Dyslipidemia was defined according to the American Heart Associations classification corresponding to the 95th percentile in a American population as total cholesterol >5.2 mmol/L (200 mg/dl), LDL > 3.4 mmol/L (130 mg/dl), HDL <0.9 mmol/L (35 mg/dl), or triglycerides >1.7 mmol/L (150 mg/dl), or a combination thereof [3].

Statistical methods

All statistical calculations were performed using the statistical software R (version 3.2.4) [28]. The Wilcoxon signed rank test was used to determine differences between sexes in the descriptive statistics. Thereafter, all analyses were performed stratified by sex. Percentiles and smoothed percentile curves were generated using the Generalized Additive Models for Location Scale and Shape (gamlss) package [29] with the penalized cubic spline function and the Box-Cox t-distribution family or the Box-Cox Power Exponential distribution family (best fit determined by the Akaike Information Criterion). The models were tested using qq-plots and worm-plots. The effects of puberty were investigated for each sex using generalized linear models adjusted for BMI SDS. In the linear regressions, concentrations of TG were logarithmically transformed to achieve a normal distribution of residuals. Effects of age within each sex were investigated using analysis of variance and Tukey Honest Significant Difference method on normally distributed data, and with the Kruskal-Wallis test and Pairwise Wilcoxon test on non-normally distributed data, with participants grouped in tertiles according to ages in the population-based cohort: young (corresponding to age < 10.1 years in girls. And to age < 9.3 years in boys), middle (corresponding to age > =10.1 and <13.8 years in girls. And to age > =9.3 and <12.7 years in boys), and old (corresponding to age > =13.8 years in girls. And to age > 12.7 years in boys). Normality of data was evaluated using histograms and qq-plots. Differences between mean fasting lipid concentrations between cohorts within age groups for each sex were investigated using Student’s t-test on normally distributed data, and Wilcoxon rank sum test on non-normally distributed data. Odds ratios (OR) were calculated using logistic regression adjusted for age, sex, and pubertal developmental stage.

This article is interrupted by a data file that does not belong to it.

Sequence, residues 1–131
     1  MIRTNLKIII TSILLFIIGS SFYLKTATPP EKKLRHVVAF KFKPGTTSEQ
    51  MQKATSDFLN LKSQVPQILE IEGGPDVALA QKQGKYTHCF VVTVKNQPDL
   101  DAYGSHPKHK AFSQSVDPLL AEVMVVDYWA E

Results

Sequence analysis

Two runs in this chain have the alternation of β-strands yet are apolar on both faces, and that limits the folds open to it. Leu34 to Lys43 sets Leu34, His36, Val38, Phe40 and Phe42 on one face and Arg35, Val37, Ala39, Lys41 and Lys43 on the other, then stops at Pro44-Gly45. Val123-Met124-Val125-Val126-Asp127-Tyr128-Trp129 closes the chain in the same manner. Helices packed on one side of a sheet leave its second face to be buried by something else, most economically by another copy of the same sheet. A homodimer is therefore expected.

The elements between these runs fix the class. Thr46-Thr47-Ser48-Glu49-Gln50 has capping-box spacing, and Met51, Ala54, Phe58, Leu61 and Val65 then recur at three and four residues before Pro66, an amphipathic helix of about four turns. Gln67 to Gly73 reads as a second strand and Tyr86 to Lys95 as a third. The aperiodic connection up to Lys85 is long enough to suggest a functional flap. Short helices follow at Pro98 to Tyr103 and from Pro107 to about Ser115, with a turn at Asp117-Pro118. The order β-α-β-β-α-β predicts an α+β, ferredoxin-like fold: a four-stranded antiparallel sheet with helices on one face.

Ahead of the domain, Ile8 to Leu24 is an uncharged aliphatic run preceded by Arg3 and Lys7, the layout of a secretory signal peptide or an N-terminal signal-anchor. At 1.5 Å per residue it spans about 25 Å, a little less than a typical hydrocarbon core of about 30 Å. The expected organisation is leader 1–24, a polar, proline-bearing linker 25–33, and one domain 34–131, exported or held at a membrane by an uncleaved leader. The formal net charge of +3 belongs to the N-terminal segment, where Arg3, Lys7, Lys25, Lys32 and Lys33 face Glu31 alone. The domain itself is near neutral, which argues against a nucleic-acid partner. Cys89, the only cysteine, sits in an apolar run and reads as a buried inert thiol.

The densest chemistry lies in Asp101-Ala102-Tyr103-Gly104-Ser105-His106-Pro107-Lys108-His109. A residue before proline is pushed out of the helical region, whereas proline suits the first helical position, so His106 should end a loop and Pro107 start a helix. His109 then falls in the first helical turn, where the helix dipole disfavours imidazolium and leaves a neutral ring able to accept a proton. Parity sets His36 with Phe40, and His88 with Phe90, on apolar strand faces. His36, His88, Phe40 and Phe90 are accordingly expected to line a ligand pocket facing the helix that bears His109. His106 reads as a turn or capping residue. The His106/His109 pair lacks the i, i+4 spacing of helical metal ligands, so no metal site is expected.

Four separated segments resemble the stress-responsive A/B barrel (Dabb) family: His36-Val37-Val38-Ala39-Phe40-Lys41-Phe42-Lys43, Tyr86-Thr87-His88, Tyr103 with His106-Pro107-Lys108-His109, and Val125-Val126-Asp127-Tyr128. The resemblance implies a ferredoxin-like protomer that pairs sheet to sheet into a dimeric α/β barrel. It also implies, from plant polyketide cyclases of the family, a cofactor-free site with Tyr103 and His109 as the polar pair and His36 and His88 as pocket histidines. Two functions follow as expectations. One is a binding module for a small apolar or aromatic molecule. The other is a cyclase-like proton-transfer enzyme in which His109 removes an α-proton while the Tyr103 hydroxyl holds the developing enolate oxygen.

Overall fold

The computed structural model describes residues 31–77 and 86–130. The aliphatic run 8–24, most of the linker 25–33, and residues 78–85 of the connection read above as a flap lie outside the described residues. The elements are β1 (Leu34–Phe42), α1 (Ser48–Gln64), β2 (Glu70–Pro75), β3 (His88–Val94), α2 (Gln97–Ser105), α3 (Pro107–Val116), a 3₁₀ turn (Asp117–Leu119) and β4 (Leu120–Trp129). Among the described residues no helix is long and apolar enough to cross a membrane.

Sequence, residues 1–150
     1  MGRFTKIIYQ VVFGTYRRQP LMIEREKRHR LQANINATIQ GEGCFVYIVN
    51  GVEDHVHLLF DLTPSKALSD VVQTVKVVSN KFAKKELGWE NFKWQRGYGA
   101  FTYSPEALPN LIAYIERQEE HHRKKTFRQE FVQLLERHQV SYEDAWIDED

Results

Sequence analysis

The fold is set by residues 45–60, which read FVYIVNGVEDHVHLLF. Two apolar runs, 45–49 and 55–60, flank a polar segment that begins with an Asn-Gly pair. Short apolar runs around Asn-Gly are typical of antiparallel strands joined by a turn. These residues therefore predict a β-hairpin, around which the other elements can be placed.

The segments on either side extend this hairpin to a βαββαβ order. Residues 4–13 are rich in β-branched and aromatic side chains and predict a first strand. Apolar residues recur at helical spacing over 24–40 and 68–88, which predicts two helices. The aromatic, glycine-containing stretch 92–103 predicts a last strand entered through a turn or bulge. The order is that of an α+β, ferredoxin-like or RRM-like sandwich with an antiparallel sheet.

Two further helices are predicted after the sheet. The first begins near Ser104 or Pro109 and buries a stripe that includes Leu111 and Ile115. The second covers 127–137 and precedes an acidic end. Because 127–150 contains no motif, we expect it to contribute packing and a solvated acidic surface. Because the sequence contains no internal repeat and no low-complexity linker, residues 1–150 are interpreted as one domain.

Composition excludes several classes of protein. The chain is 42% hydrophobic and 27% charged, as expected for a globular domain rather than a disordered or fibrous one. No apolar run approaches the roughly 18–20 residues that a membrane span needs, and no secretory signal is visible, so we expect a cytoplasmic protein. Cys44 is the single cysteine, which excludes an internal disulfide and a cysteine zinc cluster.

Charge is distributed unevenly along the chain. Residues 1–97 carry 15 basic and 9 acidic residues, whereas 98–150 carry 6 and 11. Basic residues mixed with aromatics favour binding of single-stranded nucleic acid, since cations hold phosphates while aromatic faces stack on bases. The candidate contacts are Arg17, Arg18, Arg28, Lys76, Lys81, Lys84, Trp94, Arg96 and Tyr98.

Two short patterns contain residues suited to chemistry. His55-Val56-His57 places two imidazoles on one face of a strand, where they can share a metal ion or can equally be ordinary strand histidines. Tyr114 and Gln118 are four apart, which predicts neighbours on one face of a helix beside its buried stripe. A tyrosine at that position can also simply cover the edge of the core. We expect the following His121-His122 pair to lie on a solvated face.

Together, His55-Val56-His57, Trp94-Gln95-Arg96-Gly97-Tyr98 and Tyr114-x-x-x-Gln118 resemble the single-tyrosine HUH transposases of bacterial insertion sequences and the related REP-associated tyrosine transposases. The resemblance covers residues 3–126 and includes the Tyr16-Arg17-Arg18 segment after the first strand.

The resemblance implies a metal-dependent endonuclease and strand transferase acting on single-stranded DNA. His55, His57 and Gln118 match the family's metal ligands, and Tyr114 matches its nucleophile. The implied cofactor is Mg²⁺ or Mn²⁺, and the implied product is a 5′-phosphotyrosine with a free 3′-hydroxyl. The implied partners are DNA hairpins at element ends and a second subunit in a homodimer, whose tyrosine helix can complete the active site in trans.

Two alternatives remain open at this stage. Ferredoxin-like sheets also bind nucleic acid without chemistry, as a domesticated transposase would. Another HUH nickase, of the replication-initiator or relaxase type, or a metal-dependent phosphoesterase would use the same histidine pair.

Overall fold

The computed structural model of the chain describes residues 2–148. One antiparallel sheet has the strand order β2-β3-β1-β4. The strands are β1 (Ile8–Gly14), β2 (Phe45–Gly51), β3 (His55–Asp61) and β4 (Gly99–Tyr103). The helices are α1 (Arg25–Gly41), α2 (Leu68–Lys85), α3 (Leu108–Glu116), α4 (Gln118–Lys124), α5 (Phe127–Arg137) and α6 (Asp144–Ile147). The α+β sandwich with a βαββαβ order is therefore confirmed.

Results

From the population-based cohort, 2141 (1275 girls) children and adolescents with a median age of 11.5 years were included in the study. Of these, 17.3% (N = 371) were overweight/obese (BMI > 90th percentile) and 6.0% (N = 128) were underweight (BMI < 10th percentile) [22]. As there were significant differences between sexes in age, and in concentrations of TC, LDL, non-HDL, and triglycerides (p < 0.05), all analyses were performed stratified by sex. Descriptive data on the population-based cohort and the TCOC cohort are presented in Table 1 and percentiles for fasting plasma concentrations of TC, LDL, HDL, non-HDL, and TG in the population-based cohort in Table 2.
Table 1

Descriptive information on the population-based cohort, and The Children’s Obesity Clinic (TCOC) cohort with overweight/obesity

 

Population-based

TCOC

Girls

Boys

Girls

Boys

N

1275

866

774

647

Age, years

11.9

(6.0 − 19.0)

11.0*

(6.1 − 18.9)

11.7

(2.0 − 24.7)

11.8*

(2.8 − 21.4)

BMI SDS

0.25**

(−3.07 − 3.71)

0.26**

(−3.48 − 4.54)

2.7**

(1.4 − 6.2)

3.1**

(1.38 − 6.1)

TC mmol/L

3.9*

(2.0 − 7.5)

3.7**

(1.9 − 6.0)

3.9*

(1.7 − 6.9)

4.0**

(1.7 − 7.2)

LDL mmol/L

2.0**

(0.3 − 5.7)

1.9**

(0.6 − 4.1)

2.3**

(0.5 − 5.8)

2.3**

(0.2 − 5.2)

HDL mmol/L

1.5**

(0.6 − 2.8)

1.5**

(0.5 − 2.7)

1.1**

(0.5 − 2.3)

1.1**

(0.4 − 2.3)

Non-HDL mmol/L

2.4**

(0.4 − 6.1)

2.3**

(0.8 − 4.8)

2.8**

(1.0 − 6.4)

2.8**

(0.6 − 6.0)

TG mmol/L

0.7**

(0.1 − 2.8)

0.5**

(0.1 − 2.9)

0.9**